Tag Archives: What is the gospel?

The History and Mystery of the Gospel (Biblical Theology Class)

Did Jesus preach the gospel? Did he preach a different gospel than Paul? Was there a gospel in the Old Testament? What did Paul mean when he spoke of the mystery of the gospel? These and other questions are addressed … Continue reading

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“According to the Scriptures”: What does that mean?

I know that means going out of order, which will drive some of you to distraction, but the inclusion of the burial here powerfully illustrates a truth we looked at several weeks ago, so going there first will serve as a brief review before we move on. Besides that, the line about Jesus’s burial frequently gets skipped over altogether. But Paul included it, as did each of the Gospel writers and, what’s more, Paul even mentioned it his evangelistic preaching,

But why? What is there to say? He was buried. Stuck in a hole in the ground. There is not a lot of color commentary to go along with that. When preachers go to their illustration files for something to highlight the burial, they usually come up empty-handed.

In the recent past, historically speaking, some preachers and apologists have focused on the empty tomb as proof that Jesus rose from the dead. Those who deny Jesus’s resurrection, they say, need to explain the empty tomb. And people have tried. Some suggest that the women, confused and overcome by grief, simply went to the wrong tomb. When they didn’t find Jesus’s body, they recalled something he had said and jumped to the conclusion he had been resurrected.

There are all kinds of problems with that theory, starting with the chauvinistic assumption that women are overly emotional and directionally challenged. But even if these women were…
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Finally, Some Good News … God Reigns!

We are in a series on the gospel titled Finally, Some Good News. Such series frequently begin in the New Testament, as if Jesus and the Evangelists had invented the word “gospel.” They didn’t. They discovered it in the Old Testament, and what they found there shaped their proclamation.

When Jesus burst onto the scene with the good news – the gospel – that the kingdom of God was at hand, his fellow-Jews knew what he was talking about. They had learned about it in synagogue when Isaiah was read, particularly chapter 52. When they heard Jesus urging them to believe the gospel (the good news), it was Isaiah’s gospel that was in mind.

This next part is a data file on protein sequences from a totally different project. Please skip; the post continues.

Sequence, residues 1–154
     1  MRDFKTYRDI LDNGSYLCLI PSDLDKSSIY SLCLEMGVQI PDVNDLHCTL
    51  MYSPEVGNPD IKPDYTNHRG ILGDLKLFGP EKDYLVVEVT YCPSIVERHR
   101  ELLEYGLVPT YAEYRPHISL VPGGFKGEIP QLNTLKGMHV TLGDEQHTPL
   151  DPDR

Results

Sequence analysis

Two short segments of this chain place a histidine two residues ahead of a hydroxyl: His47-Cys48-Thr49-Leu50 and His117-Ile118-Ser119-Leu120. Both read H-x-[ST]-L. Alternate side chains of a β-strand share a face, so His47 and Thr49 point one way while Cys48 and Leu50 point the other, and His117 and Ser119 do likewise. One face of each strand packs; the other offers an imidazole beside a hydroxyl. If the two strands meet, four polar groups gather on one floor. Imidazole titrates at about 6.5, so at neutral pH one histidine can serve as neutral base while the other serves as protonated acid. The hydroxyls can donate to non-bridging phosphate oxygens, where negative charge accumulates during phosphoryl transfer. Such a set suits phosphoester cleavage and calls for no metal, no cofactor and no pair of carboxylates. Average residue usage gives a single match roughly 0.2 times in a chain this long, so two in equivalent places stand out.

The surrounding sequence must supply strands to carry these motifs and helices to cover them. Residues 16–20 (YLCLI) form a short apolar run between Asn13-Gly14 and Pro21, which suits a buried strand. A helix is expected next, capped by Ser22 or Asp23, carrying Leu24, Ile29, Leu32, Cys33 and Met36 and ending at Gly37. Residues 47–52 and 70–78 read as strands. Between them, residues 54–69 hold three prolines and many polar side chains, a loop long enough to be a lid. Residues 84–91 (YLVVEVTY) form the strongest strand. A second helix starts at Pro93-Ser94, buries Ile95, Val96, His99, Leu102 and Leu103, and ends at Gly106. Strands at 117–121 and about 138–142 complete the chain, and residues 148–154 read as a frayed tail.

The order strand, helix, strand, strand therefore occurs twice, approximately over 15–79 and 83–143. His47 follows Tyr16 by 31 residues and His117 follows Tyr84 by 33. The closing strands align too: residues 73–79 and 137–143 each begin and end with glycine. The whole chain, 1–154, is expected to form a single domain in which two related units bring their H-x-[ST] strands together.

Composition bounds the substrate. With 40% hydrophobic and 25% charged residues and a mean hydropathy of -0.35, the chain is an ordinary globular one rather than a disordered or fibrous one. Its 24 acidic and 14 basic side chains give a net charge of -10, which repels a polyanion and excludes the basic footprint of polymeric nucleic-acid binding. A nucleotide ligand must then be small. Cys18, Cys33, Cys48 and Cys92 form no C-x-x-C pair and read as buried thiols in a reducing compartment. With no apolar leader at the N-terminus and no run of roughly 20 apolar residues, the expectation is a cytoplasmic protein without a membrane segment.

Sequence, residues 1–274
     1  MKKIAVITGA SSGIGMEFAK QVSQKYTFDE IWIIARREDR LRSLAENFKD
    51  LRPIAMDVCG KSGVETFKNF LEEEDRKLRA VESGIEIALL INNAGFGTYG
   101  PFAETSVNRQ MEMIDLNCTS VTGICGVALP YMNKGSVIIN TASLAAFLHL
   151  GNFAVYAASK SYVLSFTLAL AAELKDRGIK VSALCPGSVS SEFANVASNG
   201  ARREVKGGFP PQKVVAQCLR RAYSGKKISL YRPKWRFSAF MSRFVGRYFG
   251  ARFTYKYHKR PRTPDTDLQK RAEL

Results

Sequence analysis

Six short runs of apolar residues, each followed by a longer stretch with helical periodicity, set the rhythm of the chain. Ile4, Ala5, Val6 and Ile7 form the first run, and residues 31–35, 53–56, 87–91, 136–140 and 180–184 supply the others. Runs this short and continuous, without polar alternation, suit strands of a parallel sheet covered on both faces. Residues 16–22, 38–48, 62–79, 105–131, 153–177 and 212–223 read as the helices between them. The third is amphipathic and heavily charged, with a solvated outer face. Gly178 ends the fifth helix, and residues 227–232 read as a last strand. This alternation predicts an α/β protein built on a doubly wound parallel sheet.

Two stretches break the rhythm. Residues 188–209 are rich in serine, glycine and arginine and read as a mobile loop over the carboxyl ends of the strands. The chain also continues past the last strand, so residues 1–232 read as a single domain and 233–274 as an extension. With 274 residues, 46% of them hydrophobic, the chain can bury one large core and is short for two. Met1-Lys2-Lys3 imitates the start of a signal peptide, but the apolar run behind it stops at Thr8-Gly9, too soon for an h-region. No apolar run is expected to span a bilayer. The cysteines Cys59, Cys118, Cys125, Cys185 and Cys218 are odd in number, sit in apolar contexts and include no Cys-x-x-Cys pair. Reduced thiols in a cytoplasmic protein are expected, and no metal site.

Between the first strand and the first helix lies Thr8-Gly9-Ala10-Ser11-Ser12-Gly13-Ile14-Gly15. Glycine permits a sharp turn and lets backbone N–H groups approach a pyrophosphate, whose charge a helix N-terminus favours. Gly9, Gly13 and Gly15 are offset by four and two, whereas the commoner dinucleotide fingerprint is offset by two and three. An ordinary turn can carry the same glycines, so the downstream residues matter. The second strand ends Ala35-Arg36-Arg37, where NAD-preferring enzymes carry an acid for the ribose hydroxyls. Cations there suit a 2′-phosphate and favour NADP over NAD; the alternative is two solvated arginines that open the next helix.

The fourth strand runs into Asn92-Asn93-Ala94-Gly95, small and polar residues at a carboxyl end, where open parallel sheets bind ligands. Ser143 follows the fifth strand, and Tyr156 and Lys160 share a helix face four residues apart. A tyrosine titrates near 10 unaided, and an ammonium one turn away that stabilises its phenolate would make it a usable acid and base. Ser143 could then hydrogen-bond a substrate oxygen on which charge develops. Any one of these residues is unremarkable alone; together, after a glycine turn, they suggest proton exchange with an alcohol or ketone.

Isaiah 52 begins with God shouting, “Awake, awake!” An observant reader will know that God is echoing words addressed to him a few verses earlier, when someone told him to wake up: “Awake, awake! Clothe yourself with strength, O arm of the LORD” (Isaiah 51:9). (In the vernacular: “Wake up, God! Roll up your sleeves and get to work.”) But in chapter 52, God answers: “I’m not asleep. You’re the ones who need to wake up. I’ve got good news for you.”

That good news came at a time when a mountain of bad news had piled up around the Jewish people. They had just come through a long and ruinous war. Death was everywhere. The land had been pulverized; the capitol city devastated. Israel’s temple – the sanctuary of their God – had been razed, which indicated to ancient people that the god of that temple had been defeated. The population had been systematically and forcibly deported to a foreign country.

Now fast-forward hundreds of years to Jesus’s announcement of the arrival of Isaiah’s good news (Mark 1:14-15). The Jewish people were once again standing in the shadow of a mountain of bad news. The government had been deposed, the army disbanded, and foreign soldiers patrolled the streets. Taxes were impoverishing people. The foreigners were even meddling in their worship, appointing, and removing high priests at will, corrupting their most sacred institution.

Today, we stand in the shadow of our own mountain of bad news. A pandemic is killing us. Politics is polarizing us. Churches around the country are closed and many will never reopen. Domestic violence is surging. Opioid addiction is devastating. Unemployment is high, the stock market is volatile, and the potential for election violence is looming.
But on this mountain of bad news, a voice is announcing good news – the same news Isaiah and Jesus proclaimed. I think it’s time we had some good news.
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